NASA announced that, in a few months, astronauts on the International Space Station could taste the red and green chillies fully grown on board thanks to thePlant Habitat-04 experiment (PH-04), which should make outer space “spicier”, although it will actually add a little more flavor to astronauts’ diets.
THE Hatch chili seeds arrived at the space station in June, aboard SpaceX’s 22nd commercial refueling service mission, and the NASA astronaut Shane Kimbrough, who arrived on the ISS in April at the head of the Crew-2, was the one who initiated the experiment.
Kimbrough, a flight engineer who is part of the seven-member crew of the Expedition 65, has previous experiences of cultivation in space and of the PH-04 project, helping grow and eat “Outredgeous” red romaine lettuce in late 2016.
A team, with Kennedy Space Center’s research and exploration technology programs, planted 48 seeds in a device called a science carrier, which has clay to grow roots and a specially formulated controlled-release fertilizer.
The device is inserted in the’Advanced Plant Habitat (APH), one of the three plant growth chambers in the orbiting laboratory where astronauts farm.
If successful, PH-04 will add another crop that NASA can use to supplement astronauts’ diets in future missions.
“APH is the largest plant growth facility on the space station and has 180 sensors and controls to monitor plant growth and the environment.
It is a diverse growth chamber and allows us to help control the experiment from Kennedy, reducing the time astronauts spend caring for crops “
said the PH-04 project manager, Nicole Dufour.
The peppers will take about four months to grow before they can be collected and eaten, marking the first time astronauts have grown peppers on the station from seed to maturity. If the data indicates that the peppers are indeed safe, the crew will eat some and send the rest to Earth for analysis and studies.
“This is one of the most complex plant experiments on the station to date due to the long germination and growth times. We have previously tested flowering to increase the chances of a successful harvest, because the astronauts will have to pollinate the peppers to make the fruit grow“
said the principal investigator Matt Romeyn.
The beginning and the first steps of the PH-04 project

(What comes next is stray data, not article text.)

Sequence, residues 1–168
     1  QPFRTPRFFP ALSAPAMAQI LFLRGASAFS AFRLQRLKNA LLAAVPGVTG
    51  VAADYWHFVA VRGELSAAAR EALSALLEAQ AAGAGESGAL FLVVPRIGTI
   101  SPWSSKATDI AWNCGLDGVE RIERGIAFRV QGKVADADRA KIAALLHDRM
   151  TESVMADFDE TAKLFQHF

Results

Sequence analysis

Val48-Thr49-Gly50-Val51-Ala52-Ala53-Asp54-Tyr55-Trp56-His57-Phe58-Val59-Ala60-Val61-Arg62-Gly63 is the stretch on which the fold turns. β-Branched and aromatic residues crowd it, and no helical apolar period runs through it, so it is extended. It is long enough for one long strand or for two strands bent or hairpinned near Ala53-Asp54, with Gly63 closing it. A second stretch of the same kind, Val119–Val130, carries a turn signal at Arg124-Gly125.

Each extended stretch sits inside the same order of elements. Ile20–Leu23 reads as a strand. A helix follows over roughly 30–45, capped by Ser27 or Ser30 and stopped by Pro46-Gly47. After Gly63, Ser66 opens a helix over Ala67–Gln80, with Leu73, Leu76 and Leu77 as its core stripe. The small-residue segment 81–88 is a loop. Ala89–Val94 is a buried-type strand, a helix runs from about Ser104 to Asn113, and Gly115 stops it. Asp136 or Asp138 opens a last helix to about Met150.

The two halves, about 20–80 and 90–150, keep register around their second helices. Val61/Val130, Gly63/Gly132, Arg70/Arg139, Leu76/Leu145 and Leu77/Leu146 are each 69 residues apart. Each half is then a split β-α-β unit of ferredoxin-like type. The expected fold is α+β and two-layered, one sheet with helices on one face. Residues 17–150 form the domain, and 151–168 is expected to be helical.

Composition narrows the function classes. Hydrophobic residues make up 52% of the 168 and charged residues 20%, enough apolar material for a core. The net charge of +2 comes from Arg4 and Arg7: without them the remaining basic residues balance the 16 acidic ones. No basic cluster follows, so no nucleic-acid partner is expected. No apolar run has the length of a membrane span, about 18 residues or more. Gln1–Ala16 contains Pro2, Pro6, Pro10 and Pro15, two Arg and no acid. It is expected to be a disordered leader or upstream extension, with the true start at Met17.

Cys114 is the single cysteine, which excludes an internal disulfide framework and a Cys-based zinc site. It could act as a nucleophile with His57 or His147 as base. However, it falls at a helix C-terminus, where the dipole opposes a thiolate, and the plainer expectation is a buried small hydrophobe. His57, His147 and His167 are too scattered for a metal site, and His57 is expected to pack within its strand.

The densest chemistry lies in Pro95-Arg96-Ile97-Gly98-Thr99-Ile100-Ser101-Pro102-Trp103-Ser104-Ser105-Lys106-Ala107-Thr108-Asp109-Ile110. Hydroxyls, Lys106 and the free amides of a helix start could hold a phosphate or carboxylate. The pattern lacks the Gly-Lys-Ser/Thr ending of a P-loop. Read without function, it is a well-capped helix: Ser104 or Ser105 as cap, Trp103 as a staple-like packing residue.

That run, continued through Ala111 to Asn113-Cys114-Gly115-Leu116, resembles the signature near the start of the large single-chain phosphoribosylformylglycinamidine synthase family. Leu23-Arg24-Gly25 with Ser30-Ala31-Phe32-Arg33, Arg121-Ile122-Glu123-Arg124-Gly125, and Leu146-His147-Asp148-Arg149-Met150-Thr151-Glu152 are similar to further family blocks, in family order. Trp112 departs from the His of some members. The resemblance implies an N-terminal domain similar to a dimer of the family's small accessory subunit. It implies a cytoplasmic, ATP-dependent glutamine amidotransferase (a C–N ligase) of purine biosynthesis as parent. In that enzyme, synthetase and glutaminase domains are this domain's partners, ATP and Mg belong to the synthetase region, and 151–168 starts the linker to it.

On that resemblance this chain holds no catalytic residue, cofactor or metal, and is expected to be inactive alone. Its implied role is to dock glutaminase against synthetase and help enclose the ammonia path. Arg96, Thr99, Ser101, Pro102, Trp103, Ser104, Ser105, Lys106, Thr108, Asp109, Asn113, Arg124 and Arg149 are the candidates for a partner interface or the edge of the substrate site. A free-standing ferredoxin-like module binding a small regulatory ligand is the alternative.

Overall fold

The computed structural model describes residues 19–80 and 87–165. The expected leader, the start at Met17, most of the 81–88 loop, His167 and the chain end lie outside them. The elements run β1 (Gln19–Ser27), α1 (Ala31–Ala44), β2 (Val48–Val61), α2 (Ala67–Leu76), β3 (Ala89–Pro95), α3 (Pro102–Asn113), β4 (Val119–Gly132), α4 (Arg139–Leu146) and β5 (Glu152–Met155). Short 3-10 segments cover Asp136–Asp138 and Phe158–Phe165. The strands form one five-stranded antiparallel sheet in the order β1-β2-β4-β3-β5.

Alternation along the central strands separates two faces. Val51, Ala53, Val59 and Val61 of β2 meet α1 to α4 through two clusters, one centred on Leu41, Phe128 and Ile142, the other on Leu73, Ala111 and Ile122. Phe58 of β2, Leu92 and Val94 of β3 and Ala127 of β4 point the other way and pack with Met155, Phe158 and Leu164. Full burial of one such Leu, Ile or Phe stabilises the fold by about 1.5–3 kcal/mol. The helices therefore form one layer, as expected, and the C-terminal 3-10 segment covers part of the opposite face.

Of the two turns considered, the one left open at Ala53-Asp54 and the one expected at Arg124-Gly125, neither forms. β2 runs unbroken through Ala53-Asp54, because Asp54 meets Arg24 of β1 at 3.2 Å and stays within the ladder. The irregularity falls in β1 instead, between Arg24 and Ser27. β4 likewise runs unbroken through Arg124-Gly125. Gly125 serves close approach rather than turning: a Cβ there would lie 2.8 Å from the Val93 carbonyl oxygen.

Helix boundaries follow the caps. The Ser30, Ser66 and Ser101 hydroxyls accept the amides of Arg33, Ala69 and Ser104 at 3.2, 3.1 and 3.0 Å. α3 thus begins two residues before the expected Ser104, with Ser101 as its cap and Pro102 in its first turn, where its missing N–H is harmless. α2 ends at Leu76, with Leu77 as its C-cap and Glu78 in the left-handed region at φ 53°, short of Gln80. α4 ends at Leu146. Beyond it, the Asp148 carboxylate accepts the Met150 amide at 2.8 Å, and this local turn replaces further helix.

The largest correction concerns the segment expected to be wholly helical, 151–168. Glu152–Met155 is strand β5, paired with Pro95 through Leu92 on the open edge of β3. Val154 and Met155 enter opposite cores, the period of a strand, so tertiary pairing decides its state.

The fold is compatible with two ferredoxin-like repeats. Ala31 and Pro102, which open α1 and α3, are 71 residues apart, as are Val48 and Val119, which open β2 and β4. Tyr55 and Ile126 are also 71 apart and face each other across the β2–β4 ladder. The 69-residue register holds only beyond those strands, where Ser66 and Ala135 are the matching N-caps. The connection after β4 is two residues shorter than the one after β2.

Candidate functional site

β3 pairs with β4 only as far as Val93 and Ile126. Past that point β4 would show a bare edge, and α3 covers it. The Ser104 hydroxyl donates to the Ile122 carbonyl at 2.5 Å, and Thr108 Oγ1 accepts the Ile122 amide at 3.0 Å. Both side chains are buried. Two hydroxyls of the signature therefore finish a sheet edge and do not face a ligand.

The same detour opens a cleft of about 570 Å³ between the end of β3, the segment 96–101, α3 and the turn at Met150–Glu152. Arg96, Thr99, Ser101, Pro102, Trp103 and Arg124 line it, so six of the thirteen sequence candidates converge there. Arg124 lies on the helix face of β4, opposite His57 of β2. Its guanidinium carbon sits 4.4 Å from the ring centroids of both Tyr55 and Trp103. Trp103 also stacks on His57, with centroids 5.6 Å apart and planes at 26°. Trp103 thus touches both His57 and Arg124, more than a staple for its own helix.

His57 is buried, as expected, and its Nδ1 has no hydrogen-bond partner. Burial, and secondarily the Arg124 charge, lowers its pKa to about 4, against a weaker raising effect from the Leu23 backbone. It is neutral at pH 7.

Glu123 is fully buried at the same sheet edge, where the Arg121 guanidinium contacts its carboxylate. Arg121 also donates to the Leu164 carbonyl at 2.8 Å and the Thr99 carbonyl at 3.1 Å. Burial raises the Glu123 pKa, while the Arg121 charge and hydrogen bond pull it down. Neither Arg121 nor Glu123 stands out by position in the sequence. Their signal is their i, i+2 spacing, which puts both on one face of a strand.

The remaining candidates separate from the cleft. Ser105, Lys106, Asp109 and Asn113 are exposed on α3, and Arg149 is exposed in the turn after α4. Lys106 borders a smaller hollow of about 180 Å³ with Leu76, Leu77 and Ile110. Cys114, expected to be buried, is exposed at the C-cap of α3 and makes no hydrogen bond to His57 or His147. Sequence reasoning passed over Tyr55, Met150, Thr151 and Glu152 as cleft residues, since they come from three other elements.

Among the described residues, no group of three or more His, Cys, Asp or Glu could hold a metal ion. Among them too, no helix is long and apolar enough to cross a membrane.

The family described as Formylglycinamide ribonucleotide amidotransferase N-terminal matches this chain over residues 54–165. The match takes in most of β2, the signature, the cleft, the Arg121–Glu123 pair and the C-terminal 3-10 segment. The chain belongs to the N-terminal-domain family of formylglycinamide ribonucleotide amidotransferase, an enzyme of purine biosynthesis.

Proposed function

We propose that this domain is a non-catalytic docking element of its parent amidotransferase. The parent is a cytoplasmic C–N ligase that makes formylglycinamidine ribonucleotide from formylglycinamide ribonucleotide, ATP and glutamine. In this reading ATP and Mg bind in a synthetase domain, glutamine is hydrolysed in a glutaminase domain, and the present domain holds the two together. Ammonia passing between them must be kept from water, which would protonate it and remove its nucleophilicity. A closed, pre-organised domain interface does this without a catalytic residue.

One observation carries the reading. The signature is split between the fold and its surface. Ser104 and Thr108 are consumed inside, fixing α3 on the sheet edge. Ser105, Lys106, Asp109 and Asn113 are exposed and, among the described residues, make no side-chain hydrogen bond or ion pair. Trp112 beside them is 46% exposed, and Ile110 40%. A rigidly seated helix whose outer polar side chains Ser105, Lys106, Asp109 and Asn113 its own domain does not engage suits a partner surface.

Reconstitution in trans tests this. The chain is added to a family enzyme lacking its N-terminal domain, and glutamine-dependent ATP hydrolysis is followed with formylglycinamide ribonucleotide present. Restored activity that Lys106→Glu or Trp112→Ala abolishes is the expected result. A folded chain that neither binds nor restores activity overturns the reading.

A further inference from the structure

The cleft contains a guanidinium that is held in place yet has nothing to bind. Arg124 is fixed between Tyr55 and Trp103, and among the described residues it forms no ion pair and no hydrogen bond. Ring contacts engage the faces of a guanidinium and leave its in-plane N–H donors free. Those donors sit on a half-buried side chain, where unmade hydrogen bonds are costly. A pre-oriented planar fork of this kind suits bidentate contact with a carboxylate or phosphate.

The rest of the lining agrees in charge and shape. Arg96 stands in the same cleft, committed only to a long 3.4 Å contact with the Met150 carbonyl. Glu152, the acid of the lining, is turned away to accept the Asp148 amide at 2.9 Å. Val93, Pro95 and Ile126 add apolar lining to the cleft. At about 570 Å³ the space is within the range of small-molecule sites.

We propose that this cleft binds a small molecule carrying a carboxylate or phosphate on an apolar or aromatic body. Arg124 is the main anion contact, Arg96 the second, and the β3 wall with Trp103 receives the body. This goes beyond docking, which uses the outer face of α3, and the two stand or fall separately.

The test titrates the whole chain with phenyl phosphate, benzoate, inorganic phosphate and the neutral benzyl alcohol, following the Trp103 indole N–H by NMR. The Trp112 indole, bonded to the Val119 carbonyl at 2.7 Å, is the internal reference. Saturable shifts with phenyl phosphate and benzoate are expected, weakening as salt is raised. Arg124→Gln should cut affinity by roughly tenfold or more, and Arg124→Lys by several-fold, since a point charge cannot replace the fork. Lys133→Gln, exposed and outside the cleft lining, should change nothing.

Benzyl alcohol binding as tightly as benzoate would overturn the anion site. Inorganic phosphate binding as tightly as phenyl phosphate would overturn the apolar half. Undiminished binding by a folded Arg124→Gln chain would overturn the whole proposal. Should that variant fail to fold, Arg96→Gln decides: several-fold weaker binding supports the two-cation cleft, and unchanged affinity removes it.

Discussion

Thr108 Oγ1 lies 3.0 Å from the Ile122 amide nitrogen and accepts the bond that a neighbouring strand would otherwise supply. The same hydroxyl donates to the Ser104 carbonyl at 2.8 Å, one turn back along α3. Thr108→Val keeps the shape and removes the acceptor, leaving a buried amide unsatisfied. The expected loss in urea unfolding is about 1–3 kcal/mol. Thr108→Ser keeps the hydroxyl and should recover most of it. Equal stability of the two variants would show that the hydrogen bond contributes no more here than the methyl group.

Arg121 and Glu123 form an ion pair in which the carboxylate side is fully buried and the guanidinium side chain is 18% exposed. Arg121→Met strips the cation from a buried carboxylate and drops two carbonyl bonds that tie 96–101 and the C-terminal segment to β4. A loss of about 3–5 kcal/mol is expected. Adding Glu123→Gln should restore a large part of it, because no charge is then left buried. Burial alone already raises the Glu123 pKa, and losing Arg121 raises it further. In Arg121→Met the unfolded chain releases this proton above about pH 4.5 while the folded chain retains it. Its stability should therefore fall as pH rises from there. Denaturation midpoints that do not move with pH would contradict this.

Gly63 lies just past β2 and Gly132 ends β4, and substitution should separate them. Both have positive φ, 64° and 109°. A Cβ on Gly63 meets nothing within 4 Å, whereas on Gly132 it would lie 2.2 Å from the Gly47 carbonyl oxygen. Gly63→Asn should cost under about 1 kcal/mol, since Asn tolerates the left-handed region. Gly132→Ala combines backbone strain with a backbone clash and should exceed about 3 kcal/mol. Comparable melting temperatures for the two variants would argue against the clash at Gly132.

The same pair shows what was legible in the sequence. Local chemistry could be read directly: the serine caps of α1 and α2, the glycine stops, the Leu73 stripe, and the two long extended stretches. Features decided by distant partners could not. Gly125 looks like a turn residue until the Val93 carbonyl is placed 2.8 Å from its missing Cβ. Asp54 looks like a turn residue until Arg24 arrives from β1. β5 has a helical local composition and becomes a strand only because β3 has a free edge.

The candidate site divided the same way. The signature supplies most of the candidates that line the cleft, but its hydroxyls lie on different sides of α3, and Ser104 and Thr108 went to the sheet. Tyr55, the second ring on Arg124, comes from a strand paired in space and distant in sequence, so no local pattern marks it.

Astronauts grew the first flower on the ISS in 2015 and 2016, the Zinnia, the predecessor of longer-flowering, fruit-bearing and pepper-like crops. NuMex ‘Española Improved’ pepper, a Hatch pepper hybrid, was selected after more than two years of research on dozens of pepper varieties, all because they were looking for the perfect space crop for PH-04.
“The challenge is the ability to feed crews in low Earth orbit and then support explorers during future missions beyond low earth orbit to destinations including the Moon, as part of the Artemis program, and ultimately to Mars.
We are limited to crops that do not need extensive storage or processing“.
Scientists hope the crop will help supplement the astronauts’ diet in future missions by providing the vitamin C and other nutrients they need. due to life in conditions of microgravity, astronauts can lose some of their sense of taste and smell, increasing the demand for spicy or seasoned foods.
“Growing colorful vegetables in space can have long-term physical and psychological health benefits. We are discovering that growing plants and vegetables with colors and smells helps improve the well-being of astronauts “
Researchers will monitor pepper growth in project PH-04 and compare them to a control group on Earth, among other things they plan to collect crew feedback on the flavor and texture of the peppers, as well as Scoville measurements. .
“The spiciness of a pepper is determined by the environmental conditions of growth.
The combination of microgravity, quality of light, temperature and humidity of the root zone will affect the flavor, so it will be interesting to find out how the fruit will grow, ripen and taste; this is important because the food astronauts eat must be as good as the rest of their equipment.
To successfully send people to Mars and bring them back to Earth, we will not only need the most nutritious foods, but also the tastiest ones. “
said the team leader LaShelle Spencer.
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